National Federation of Young Farmers' Clubs

Fun, Learning, and Achievement

24 June 2020

Walking the crops alone and only speaking to customers by telephone has made Tom Pope’s job as an agronomist a much lonelier one. But the Somerset County Chairman is grateful he has been able to continue working through the pandemic – and believes online YFC meetings are here to stay!

Q. Can you tell us about the work you are involved in?

I work as an agronomist in Somerset, Dorset and Devon. My job involves me checking farmers’ crops and advising how to look after them in a way which can maximise the yield and quality of the crop. I advise on fertiliser, sprays, seed, soil health and also legislation. I get to manage my own time and it is my responsibility to try and increase the area that I advise on. I really enjoy working with farmers to improve their yields and make their farms more profitable.

Q. Has the Coronavirus impacted your work?

In a lot of ways, it has been business as usual for me. Obviously crops don't stop growing, especially in the spring and early summer which is my busiest time, so I've had to keep going as well. What has been different is normally some of my farmers come out to walk the crops with me or I will go and catch up with them at the farm after I have done so. With the restrictions I've had to walk the crops by myself and dealt with all of my customers purely over the phone which has been strange, it's been quite common for me to not see anyone else from when I leave in the morning until I get home at night. But generally I've been very lucky that I've been able to carry on as usual.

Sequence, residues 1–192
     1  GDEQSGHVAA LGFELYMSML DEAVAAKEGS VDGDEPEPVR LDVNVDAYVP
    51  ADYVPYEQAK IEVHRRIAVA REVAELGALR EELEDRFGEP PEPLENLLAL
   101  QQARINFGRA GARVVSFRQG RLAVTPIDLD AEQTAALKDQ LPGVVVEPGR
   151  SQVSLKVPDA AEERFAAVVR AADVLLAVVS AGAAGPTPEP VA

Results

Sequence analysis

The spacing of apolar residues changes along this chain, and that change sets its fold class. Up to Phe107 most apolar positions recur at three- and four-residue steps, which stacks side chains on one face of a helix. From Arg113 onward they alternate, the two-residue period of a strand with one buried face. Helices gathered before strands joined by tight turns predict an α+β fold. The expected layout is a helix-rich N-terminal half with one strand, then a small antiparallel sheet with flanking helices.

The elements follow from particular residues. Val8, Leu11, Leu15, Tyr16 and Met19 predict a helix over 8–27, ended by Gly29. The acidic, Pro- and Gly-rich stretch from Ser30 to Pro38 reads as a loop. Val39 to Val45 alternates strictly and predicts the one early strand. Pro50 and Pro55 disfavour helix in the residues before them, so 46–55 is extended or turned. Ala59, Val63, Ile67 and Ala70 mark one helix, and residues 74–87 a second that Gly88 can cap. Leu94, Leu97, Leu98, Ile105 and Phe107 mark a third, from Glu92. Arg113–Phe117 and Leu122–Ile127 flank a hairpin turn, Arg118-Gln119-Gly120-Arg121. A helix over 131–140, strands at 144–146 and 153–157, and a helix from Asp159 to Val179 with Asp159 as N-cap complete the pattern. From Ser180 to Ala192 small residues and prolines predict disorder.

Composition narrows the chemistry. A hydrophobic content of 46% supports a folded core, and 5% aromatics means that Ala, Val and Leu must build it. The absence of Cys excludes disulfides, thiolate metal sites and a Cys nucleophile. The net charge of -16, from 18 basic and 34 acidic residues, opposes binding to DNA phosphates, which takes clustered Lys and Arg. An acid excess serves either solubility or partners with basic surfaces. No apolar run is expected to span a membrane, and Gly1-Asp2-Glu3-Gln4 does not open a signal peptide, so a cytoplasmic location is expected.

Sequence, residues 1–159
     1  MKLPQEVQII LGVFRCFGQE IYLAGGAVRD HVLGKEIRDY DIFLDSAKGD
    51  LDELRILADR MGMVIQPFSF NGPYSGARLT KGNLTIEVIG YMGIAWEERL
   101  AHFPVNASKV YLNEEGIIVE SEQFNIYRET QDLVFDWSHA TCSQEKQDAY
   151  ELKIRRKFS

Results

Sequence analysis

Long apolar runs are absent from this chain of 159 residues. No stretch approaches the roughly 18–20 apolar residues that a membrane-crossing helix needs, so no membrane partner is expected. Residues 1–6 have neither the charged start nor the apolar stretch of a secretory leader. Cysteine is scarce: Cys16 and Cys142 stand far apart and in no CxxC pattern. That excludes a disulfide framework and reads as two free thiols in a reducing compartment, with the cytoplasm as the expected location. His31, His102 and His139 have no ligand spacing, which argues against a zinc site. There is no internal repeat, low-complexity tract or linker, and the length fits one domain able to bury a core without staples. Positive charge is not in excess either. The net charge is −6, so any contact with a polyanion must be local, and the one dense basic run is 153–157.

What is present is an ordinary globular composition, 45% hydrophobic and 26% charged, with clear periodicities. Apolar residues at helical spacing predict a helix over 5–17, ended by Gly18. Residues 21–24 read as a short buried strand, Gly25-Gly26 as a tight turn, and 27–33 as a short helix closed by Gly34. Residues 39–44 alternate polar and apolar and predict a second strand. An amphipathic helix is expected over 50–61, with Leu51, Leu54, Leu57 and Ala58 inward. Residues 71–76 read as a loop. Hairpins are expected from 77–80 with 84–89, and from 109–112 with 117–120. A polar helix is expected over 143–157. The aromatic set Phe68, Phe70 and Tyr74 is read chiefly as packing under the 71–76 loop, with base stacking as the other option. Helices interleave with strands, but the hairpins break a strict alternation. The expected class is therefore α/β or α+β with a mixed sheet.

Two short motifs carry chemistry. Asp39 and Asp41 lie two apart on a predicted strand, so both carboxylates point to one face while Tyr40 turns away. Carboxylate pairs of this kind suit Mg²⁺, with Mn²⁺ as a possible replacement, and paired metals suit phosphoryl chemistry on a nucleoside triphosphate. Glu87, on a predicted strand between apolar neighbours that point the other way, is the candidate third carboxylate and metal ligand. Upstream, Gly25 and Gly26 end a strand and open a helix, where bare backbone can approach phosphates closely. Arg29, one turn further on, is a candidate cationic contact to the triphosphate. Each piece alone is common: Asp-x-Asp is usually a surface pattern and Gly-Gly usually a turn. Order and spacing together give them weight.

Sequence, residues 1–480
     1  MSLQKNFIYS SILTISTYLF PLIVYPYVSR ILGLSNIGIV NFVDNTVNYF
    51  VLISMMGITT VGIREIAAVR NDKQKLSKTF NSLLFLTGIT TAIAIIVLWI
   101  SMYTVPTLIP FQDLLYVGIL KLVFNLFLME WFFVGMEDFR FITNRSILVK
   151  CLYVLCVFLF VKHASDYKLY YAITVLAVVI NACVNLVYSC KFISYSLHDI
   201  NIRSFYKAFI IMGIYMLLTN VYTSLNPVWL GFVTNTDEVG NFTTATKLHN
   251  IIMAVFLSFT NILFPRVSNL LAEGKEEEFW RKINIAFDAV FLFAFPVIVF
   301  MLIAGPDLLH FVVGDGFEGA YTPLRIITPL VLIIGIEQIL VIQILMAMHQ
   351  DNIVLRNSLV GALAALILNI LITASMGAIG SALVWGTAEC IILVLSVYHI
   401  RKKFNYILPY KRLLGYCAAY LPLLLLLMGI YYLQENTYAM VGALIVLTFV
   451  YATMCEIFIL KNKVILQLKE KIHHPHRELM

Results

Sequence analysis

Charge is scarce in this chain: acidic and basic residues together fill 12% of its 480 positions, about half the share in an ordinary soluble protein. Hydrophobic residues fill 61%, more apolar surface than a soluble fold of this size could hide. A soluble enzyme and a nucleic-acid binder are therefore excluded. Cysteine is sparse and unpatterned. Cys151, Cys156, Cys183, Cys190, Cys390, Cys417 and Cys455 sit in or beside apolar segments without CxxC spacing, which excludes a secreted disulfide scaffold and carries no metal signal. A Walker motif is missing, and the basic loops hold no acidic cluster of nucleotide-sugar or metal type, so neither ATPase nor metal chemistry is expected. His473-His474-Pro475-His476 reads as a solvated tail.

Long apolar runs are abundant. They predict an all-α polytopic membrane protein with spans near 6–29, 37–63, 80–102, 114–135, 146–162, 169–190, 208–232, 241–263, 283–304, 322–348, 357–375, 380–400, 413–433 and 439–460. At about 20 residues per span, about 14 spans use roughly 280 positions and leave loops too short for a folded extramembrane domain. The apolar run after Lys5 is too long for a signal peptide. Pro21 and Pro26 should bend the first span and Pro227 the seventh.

Q. Are you from a farming family?

I grew up on our family arable farm in Somerset and now live just down the road from it. The farm was mainly tenanted until two years ago. Our landlords sold up and we took the decision to buy some of the farm, but unfortunately it’s not of a viable size to be purely arable so we are exploring diversification. The latest addition to the business is an enclosed dog walking area which people pay to rent for an hour at a time.

Q. How do you feel about the essential role British farming is playing during the crisis?

I feel proud to work in such a crucial industry. I think that the panic buying at the start of the crisis really made people think about where their food came from and the people involved in the supply chain. I think the whole industry has stepped up to the plate and done what we do best in producing great quality food for the British people.

Q. Why did you want to be involved in YFC AGRI?

I wanted to be involved with YFC AGRI because I am passionate about the agricultural industry and wanted to make a difference. There are so many issues facing young people living in the rural community and I'd like to think the things YFC AGRI get involved in can help address some of these.

Q. Are you managing to stay connected to your YFC at the moment?

It has been a learning curve but we've stayed connected. I've lost count of the number of Zoom calls I've been on and these have ranged from serious meetings to quizzes and treasure hunts. We've also been running some online competitions as a County Federation which have been great fun.

I’ve also been involved in YFC AGRI Zoom meetings every other week, which has kept me in touch with what’s going on in the industry.

Q. How has the pandemic impacted your role as County Chairman?